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Addicted to alcohol

Discussion in 'Alcohol' started by Benjamins12, Nov 1, 2015.

  1. Benjamins12

    Benjamins12 Member

    About seven years now, I have been using alcohol. I mostly drink with my friends and never considered I might have a problem with it. I have started to drink too much or spend too much. I have decided to quit from it. Even though I try to quit drinking for a couple of weeks, something comes up in my mind and I end up having a few again. My mom have taken an appointment with a specialist at Edgewood health network, an alcohol addiction treatment centre in Calgary which is near our house. But I am really confused. I am having such a hard time stopping it. Someone please give me advice on how to quit. Thank you.
  2. deanokat

    deanokat DrugAbuse.com Community Organizer Community Listener

    @Benjamins12... Welcome to the forum and thanks for sharing. Getting sober isn't easy, but if you set the goal, focus on it, and are willing to work your butt off to achieve it, you can do it. Taking things one day at a time--or even one hour or minute at a time if you need to--is a great approach. Also, AA or SMART Recovery meetings can really help. Getting support from people who have experienced what you're experiencing is invaluable. Also, professional help can be fabulous, so it's great that you have an appointment with someone. I hope they can assist you in finding your way to long-term recovery.

    We are a caring, supportive group of people who will never judge you. So know that you can reach out to us anytime you need or want to. We are here for you, my friend.

    Keep doing the next right thing.

    Peace and hugs.
    kgord and Rainman like this.
  3. Rainman

    Rainman Community Champion

    Admitting that you have a problem makes the difference between victory and failure. As long as you are willing and ready to fight the addiction don't despair. Nothing happens overnight. Battling an addiction is a process. Take it slow, resist the cravings an hour at a time . . .
    deanokat likes this.
  4. Tsky45

    Tsky45 Community Champion

    You have to make your mind up, If you can believe it you can achieve it. Find replacement hobbies and seek out things that make you happy and feel better about yourself. There are many things you can do to break an addiction, but will power is the determining factor. If you fail don't get discouraged pick yourself up and try again until you find something that works. All things are possible to him that believes Mark 9:23.
    deanokat likes this.
  5. zaerine

    zaerine Community Champion

    It is a great thing that you have the want to stop it or change for the better. That consultation could be helpful to you so, I think that it is a good idea too. Support groups could help you feel motivated in kicking the habit totally.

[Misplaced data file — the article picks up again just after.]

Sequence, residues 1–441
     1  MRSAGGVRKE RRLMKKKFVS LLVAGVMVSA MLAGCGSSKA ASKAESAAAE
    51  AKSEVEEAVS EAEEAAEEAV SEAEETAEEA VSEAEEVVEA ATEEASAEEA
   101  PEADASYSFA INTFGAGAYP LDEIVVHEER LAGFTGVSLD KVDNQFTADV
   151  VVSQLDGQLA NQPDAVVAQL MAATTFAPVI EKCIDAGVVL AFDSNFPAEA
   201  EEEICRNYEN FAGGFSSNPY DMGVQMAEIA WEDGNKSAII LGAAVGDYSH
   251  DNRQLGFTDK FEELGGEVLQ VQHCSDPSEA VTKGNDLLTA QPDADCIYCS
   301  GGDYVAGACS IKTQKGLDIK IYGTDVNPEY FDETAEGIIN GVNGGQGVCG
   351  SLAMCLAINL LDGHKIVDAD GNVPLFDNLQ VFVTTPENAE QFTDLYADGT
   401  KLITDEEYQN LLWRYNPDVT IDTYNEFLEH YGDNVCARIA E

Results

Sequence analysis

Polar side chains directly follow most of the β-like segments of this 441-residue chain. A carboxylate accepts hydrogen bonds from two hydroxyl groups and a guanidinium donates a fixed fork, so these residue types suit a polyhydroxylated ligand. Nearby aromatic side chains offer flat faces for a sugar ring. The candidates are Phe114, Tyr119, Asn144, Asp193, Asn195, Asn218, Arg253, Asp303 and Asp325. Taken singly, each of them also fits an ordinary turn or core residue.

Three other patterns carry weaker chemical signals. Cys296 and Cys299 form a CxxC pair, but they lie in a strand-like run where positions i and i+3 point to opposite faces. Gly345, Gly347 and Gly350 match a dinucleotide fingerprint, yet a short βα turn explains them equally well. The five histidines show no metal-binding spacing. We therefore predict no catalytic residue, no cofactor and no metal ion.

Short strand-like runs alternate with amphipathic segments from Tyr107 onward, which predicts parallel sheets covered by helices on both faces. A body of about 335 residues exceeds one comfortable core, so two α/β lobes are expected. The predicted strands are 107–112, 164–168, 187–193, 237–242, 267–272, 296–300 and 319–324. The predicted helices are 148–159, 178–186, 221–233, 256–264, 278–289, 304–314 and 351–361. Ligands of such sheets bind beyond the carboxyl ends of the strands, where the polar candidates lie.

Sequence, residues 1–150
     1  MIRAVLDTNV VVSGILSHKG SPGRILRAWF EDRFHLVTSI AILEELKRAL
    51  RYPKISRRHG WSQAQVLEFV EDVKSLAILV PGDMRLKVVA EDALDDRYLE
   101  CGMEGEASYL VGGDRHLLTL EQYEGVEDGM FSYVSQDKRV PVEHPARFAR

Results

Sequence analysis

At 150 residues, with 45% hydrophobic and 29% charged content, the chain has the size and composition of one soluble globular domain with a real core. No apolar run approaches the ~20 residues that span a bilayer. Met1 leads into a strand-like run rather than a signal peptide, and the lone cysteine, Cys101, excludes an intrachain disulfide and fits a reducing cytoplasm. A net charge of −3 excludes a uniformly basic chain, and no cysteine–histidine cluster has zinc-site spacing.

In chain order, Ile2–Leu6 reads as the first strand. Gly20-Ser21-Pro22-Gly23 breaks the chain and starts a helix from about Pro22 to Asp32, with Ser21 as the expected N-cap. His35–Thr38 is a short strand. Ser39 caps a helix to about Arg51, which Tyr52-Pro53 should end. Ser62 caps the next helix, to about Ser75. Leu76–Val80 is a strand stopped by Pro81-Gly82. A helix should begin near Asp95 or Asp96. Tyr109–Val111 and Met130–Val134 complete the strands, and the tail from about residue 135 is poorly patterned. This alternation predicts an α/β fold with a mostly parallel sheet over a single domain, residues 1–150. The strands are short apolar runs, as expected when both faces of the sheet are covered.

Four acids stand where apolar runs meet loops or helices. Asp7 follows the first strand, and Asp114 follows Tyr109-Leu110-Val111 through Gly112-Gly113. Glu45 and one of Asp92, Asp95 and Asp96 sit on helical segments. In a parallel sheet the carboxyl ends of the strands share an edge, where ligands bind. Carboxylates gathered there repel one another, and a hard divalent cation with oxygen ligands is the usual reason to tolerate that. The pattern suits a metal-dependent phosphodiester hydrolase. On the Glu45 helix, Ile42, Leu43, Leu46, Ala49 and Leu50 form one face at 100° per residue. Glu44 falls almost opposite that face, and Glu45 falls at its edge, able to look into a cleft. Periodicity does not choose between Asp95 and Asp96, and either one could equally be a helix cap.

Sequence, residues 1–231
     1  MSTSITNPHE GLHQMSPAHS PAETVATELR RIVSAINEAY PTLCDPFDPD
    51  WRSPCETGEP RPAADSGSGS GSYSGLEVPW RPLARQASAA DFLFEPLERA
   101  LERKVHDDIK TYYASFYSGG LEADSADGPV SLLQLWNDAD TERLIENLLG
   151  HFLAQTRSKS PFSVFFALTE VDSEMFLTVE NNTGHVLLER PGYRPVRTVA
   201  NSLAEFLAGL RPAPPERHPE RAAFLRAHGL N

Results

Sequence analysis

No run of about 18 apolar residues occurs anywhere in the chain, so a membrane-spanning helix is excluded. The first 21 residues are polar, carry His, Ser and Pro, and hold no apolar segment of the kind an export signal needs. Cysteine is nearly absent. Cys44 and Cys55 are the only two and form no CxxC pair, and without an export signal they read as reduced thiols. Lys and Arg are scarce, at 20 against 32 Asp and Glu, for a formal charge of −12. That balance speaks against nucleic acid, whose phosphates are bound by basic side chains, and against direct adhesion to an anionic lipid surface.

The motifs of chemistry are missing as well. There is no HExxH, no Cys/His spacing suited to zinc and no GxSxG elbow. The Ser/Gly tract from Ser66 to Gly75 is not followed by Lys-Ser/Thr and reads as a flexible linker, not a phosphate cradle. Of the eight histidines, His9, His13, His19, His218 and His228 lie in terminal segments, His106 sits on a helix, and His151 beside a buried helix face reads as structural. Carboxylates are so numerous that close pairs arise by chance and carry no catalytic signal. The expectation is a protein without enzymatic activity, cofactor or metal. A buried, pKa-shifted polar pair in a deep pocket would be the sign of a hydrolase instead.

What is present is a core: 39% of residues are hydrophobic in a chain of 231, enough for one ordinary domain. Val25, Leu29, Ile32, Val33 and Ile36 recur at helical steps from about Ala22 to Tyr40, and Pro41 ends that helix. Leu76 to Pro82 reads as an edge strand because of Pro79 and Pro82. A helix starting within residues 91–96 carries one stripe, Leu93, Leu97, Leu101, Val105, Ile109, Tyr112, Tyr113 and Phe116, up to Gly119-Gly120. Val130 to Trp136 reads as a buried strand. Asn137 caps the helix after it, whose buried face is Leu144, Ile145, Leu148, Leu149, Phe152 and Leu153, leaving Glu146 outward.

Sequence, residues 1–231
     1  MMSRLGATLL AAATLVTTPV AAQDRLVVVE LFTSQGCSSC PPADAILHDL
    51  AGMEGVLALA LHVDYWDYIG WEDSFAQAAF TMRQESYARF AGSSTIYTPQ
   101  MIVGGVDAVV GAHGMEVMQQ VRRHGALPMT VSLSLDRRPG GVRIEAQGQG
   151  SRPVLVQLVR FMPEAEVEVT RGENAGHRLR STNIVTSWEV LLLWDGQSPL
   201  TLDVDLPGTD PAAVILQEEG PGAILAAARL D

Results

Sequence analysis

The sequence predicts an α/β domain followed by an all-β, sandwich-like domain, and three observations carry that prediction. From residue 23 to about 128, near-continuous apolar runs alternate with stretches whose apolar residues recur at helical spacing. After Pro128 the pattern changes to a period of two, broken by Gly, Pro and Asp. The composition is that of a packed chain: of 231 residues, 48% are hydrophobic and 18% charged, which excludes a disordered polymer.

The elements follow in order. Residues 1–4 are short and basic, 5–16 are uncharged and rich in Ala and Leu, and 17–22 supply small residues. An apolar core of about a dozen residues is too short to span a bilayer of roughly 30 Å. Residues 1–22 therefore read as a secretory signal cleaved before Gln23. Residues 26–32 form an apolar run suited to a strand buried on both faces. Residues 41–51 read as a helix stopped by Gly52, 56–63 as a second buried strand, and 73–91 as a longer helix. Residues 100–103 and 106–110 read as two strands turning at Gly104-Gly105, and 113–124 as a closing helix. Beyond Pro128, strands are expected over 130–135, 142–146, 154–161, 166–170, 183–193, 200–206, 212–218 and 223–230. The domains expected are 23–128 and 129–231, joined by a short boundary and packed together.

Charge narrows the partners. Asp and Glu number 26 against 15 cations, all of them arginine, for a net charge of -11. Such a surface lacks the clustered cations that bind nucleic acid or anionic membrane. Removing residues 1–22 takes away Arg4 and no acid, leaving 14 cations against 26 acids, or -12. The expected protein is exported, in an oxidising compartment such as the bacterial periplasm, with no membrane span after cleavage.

deanokat likes this.
  6. pwarbi

    pwarbi Community Champion

    Deciding your quitting and going through with it are two different things entirely. A lot of people say they are quitting but they don't really want to, it's just something they are being forced in to by others.

    when it's clear in your own mind what you want and need to do, there's plenty of help available, but that first step will have to come from you.
    deanokat likes this.
  7. dyanmarie25

    dyanmarie25 Community Champion

    Hello there, @Benjamins12! Welcome to the forum and thanks for sharing. Well, it's really nice to hear that you are very much willing to quit alcohol for good. However, just like what you have said, it is never an easy thing. But if you will just try to stay focused on your goal, and have patience, I am pretty sure you will overcome this issue soon. I suggest go to that meeting, and be as open-minded as possible. The people you will encounter there will help and support you, so don't worry about it. I wish you all the best! Keep us posted.
    deanokat likes this.
  8. Psyduck

    Psyduck Active Contributor

    Stopping completely is hard in my opinion. The key here is to slowly eradicate it from your lifestyle. Start by drinking once a week, then once a month and so on. Another important thing to note is, find another hobby or activity which makes you invest a lot of time in.
    deanokat likes this.
  9. kgord

    kgord Community Champion

    I think that you are doing the right thing by coming to this forum because many people here have been three when it comes to drugs and alcohol. It is one o the reasons that people like to participate in the forum. They get support and ideas rom other people who have had the same struggles. I know that you can and will overcome this as you are able to.
    deanokat likes this.
  10. henry

    henry Community Champion

    Sometimes it's not that we've become alcoholics. It's that we've made a whole routine around alcohol for years, and then, conditioning takes its toll, just like it did with Pavlov's dog. Routines are hard to break depending on how much we like it and how long we've been doing it. I suggest first you get help with your drinking just in case you really do have a problem with it, and then, start making new routines that don't involve drinking.